Sunday, 26 May 2013


We found three lovely sky blue robin's eggs in a nest in one of our bushes just outside our front door last week. One of the eggs got stolen on Friday, maybe by a squirrel or another bird. The two remaining chicks hatched on Saturday.

Today (Sunday), when the mother was hunting, we had to chase off a Crow who was paying a bit too much attention to the nest area. Strangely, a Bluejay and a Catbird also gave the crow a hard time. It was almost as if they were trying to protect the baby Robins.

Tuesday: sadly, this morning the nest is empty. The chicks were still way too young to fly, so they must have been taken by a cat or a crow. Very sad. Sometimes things just don't work out and for many animals, the odds are stacked up against them. Robins apparently have only a 20% chance of surviving a year. Even so, it would have been nice to see the little guys fly. Sometimes life seems so unfair.

Tuesday, 21 May 2013

No War on Cyclists?

Emma Way, a motorist in Norwich, UK tweeted this on Sunday:

Police are investigating and the internet is all in a flurry:

Apparently, someone spotted the tweet, wasn't amused and tweeted the police. The police were also sent other examples of her poor driving: she had taken cellphone photographs of herself tailgating other motorists, and even photographed her speedometer showing a speed of 95mph. So, she's not exactly the brightest bulb.

Somehow, I think karma is going to be a big factor here. In response to internet anger, her employer, the 125 year-old chartered accountant firm Larking Gowen, wrote:
“Please be assured that this is not a view held by the firm and we most certainly do not condone this behaviour. We are taking the incidents very seriously, and a full and detailed investigation will be carried out and appropriate action taken. We have already spoken to Norfolk Police.”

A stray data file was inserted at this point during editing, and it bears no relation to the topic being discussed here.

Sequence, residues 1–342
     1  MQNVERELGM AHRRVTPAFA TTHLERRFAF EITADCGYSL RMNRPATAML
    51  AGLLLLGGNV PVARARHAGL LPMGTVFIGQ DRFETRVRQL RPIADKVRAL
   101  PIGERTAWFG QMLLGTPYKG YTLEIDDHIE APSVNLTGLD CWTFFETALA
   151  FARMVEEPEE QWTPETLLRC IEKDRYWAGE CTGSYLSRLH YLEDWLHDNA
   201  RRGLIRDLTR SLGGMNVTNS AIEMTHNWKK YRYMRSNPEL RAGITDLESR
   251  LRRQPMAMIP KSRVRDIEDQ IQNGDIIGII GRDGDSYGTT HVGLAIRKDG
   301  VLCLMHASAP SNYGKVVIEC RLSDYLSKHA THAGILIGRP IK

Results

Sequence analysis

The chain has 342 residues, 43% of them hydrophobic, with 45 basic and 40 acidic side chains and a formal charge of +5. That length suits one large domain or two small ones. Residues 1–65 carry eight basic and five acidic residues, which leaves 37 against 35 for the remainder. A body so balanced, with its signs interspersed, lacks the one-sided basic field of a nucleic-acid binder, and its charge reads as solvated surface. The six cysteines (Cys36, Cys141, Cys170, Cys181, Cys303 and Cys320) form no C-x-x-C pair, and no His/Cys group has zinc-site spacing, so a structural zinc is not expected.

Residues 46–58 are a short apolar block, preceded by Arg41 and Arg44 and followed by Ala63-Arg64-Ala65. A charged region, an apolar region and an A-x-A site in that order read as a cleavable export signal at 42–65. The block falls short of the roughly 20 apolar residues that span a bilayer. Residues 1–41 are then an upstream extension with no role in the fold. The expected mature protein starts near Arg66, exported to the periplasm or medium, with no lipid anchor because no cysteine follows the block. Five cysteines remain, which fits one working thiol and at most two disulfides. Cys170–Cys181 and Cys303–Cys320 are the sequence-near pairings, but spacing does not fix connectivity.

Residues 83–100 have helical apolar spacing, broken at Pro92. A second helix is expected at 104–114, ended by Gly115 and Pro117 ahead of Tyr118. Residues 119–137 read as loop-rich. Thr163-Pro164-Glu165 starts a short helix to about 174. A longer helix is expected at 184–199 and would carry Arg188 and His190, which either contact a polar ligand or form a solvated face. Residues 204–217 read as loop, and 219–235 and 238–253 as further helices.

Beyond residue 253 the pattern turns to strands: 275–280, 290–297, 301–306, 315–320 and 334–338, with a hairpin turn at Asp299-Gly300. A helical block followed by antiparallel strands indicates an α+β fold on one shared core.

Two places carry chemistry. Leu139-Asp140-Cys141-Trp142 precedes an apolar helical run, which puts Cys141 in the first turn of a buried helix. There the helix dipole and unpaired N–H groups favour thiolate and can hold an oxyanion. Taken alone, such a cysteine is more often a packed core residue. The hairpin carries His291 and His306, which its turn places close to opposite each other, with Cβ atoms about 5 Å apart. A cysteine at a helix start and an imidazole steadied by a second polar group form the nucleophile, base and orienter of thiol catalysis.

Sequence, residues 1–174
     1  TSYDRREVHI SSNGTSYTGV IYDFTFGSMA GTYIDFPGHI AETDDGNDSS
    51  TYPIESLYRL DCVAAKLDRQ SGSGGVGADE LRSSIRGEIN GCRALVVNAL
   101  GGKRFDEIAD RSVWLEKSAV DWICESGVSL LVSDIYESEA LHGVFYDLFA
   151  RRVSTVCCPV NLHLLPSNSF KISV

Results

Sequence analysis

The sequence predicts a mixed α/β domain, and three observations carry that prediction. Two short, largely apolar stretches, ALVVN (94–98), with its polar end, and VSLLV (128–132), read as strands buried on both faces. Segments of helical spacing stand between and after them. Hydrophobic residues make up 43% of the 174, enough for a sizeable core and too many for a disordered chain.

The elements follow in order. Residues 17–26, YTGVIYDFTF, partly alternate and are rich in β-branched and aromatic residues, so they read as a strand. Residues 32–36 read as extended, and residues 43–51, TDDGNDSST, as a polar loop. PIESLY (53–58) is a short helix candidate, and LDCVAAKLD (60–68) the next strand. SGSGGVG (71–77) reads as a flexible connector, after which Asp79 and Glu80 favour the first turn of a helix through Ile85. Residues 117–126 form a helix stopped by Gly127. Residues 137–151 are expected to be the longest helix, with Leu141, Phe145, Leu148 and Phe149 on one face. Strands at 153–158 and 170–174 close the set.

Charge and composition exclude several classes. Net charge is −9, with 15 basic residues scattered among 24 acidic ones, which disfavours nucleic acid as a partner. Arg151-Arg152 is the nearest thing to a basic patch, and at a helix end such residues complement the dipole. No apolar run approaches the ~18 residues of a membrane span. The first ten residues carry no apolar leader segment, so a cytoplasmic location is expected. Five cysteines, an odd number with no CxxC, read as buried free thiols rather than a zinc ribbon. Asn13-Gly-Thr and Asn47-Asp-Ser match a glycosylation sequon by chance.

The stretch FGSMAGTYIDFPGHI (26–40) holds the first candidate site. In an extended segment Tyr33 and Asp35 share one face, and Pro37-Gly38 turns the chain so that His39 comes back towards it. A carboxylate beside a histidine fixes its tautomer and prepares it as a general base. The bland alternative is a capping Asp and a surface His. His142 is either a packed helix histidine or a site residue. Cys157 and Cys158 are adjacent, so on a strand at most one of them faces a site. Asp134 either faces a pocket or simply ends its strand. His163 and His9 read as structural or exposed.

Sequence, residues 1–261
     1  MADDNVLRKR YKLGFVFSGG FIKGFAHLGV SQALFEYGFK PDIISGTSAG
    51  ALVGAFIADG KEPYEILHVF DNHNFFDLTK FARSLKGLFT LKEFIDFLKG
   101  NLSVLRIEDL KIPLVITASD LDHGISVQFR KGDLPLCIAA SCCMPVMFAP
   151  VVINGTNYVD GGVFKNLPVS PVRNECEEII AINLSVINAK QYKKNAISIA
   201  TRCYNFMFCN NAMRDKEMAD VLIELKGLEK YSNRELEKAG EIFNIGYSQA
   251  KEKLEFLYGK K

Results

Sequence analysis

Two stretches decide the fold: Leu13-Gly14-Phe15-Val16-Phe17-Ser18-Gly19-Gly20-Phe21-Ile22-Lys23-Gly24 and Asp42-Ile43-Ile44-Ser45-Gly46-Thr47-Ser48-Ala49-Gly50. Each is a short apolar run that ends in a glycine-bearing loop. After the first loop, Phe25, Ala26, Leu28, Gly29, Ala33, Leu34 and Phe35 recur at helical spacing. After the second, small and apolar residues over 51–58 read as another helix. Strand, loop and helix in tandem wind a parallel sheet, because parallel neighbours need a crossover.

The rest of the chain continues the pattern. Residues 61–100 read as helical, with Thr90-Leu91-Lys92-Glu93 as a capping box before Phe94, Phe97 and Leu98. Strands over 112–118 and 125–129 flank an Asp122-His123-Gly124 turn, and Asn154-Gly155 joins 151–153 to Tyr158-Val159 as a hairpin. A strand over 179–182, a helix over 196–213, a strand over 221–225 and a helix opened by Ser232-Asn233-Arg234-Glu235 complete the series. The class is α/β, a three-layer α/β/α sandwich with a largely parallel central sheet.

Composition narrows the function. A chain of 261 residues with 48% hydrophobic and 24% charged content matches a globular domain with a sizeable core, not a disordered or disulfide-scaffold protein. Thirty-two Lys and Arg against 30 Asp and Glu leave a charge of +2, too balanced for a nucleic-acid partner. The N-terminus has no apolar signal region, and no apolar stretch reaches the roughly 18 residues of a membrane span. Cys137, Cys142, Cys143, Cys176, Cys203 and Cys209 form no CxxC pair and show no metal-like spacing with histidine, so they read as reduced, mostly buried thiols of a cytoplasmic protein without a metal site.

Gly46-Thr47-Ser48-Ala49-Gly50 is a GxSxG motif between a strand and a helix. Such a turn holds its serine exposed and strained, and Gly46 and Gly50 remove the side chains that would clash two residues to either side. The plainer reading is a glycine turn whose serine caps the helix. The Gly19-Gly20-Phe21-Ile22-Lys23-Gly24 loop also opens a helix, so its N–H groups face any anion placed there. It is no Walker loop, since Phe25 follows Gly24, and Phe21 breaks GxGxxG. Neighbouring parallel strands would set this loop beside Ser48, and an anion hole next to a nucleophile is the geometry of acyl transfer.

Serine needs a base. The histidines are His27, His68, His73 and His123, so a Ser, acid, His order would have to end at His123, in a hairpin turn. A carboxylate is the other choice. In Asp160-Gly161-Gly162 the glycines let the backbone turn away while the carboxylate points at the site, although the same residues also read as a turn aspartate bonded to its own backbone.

Larking Gowen apparently sponsored a charity bike ride in 2010. Four of the five charity riders are partners, the other is a Managing Partner. I wonder how they feel about one of their trainees calling them 'bloody cyclists'?

Somehow I think Norwich's unemployment line will soon be a bit longer. In the meantime, I'm sure Emma Way is learning a lot about road tax and the rules of the road, courtesy of the Norfolk Constabulary.

[EDIT] The incident has now been picked up by mainstream media:

Ms. Way has now deleted both her Twitter account and her Facebook page. I suspect this week is not going to go down as one of her best.

Update: Emma Way escaped without being convicted of driving without due care and attention. She was punished with only a small fine and given seven points on her licence for failing to stop and report an accident.

The 2012 Teschke Study - When Scientists Get It Wrong

See that 'cycle track' data point in the above graph? That's what they call an outlier. It's just way out on its own there. I wonder why? Well, John Forester saw the study and he figured it out:
"...what we actually have before us is the result when total ignorance of traffic engineering combines with bicycle advocacy ideology."
"In the much more impressive cycle-track issue, the authors proclaimed enormous crash reduction without informing the readers of the two relevant facts. First, that their data came from only one installation. Second, that that installation was not along a typical city street but in the only situation in which a plain cycle track could possibly be safe, a place without crossing or turning movements by motorists, cyclists, or pedestrians"
Mr. Forester was mistaken on one point - there was more than one cycle track in the study, but all had minimal or no cross streets, so are not at all useful in predicting the results of cycle track installations on standard roadways

The Teschke study (‘Route Infrastructure and the Risk of Injuries to Bicyclists: A Case-Crossover Study’ is yet another example (like the many so-called ‘studies’ done by John Pucher, Ralph Buehler, Anne Lusk, Conor Reynolds and other health and wellness advocates) of how cycling advocacy within the scientific community can create unscientific research that is marred by expectation bias. Dr. Teschke and her associates are involved in public health research and while cycling does have overwhelming health benefits, neither Dr. Teschke or any of the people involved in the study appear to be specialists in transportation injuries or collisions.